Racial Inequality In To Kill A Mockingbird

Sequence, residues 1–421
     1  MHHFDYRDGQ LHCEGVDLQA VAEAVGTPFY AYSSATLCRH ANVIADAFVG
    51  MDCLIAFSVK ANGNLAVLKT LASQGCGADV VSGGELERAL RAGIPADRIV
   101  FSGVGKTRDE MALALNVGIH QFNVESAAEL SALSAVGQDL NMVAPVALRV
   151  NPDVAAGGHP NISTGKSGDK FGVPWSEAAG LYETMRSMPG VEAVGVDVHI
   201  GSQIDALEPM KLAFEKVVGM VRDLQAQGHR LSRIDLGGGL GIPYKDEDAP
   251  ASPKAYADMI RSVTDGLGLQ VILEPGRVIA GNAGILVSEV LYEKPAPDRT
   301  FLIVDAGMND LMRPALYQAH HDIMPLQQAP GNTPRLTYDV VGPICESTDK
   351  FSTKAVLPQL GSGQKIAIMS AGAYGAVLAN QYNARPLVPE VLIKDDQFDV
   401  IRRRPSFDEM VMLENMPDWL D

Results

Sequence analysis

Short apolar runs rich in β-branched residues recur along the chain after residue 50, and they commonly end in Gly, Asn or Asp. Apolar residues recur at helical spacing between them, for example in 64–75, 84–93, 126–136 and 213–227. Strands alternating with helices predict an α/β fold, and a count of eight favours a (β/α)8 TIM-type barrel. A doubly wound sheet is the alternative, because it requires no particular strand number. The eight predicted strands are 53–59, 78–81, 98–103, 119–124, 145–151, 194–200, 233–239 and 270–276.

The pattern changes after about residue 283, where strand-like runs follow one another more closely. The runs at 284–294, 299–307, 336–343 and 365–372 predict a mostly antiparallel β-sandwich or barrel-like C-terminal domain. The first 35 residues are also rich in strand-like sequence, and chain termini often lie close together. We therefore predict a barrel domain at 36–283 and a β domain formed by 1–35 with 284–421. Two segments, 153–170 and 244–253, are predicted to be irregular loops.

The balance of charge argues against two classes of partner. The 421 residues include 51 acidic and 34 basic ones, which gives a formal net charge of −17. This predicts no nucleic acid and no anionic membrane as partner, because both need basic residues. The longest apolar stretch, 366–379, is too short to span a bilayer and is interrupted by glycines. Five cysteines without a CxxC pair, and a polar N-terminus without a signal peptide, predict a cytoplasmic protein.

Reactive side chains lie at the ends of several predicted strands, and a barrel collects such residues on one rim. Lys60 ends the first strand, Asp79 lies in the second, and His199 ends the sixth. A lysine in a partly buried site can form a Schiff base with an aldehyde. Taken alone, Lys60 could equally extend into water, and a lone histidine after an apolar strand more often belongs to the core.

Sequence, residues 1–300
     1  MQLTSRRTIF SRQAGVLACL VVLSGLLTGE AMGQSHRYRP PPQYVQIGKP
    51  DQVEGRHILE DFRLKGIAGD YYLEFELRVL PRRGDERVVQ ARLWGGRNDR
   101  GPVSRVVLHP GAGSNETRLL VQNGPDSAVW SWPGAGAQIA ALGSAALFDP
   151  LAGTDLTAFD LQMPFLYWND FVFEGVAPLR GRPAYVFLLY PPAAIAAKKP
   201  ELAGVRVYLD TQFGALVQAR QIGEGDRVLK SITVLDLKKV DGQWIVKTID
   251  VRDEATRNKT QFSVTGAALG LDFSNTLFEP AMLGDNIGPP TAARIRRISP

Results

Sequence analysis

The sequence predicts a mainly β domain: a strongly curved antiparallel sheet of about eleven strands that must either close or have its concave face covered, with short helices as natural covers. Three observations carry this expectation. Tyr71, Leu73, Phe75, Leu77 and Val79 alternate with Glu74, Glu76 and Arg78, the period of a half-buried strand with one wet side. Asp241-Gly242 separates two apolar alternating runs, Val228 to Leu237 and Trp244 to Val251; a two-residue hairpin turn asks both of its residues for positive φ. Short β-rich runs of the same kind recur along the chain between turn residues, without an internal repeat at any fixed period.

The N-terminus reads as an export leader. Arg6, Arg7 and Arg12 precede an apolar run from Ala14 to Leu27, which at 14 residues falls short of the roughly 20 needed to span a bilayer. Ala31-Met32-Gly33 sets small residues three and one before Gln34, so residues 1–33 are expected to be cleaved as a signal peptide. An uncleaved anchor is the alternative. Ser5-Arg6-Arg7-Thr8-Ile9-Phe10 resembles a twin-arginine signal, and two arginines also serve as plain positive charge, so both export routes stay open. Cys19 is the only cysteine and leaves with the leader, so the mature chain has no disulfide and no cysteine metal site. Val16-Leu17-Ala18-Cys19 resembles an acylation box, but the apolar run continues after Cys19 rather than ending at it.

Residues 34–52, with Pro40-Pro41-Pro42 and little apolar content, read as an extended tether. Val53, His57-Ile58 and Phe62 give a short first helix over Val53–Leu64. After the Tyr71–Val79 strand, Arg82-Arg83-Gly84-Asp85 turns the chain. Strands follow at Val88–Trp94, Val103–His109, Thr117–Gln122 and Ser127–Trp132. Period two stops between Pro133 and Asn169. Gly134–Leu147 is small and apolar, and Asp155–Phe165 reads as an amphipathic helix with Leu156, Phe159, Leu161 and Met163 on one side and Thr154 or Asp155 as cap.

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In the classical 1960 novel To Kill a Mockingbird, Harper Lee depicts the social and racial inequality in southern American society during the 1930’s. Residing in Maycomb County, Atticus Finch and his two children, Scout and Jem, gain appreciation for tolerance as they encounter diverse characters such as Tom Robinson and Boo Radley. Told from Scout’s perspective of their adventures, Jem and Scout explore the prejudicial flaws of their community. The portrayal of a catalyst and prophet matches the personality of Jeremy “Jem” Atticus Finch; serving as the brother and friend of his sister Scout, Jem’s once innocent and naive world view is exposed to the less savory aspects of southern culture when his father takes on a case defending an African American man accused of rape. As the dehumanizing factors of institutionalized and widespread racial discrimination and prejudice become evident, Jem learns that empathy and human understanding are crucial in realizing full human potential. Jem functions as the mentor and bigger brother of Scout, and similarly to Dill, from the beginning of the story. However, as Jem’s character develops, he begins to see Scout under a mild authoritarian view. During the first summer, Dill and Jem are constantly daring each other to touch or approach the Radley house, when Scout warns Jem about the consequences for this daring challenge, Jem retaliates by telling her that “‘you act so much like a girl it’s mortifyin’”(50). Jem’s outburst gives Scout
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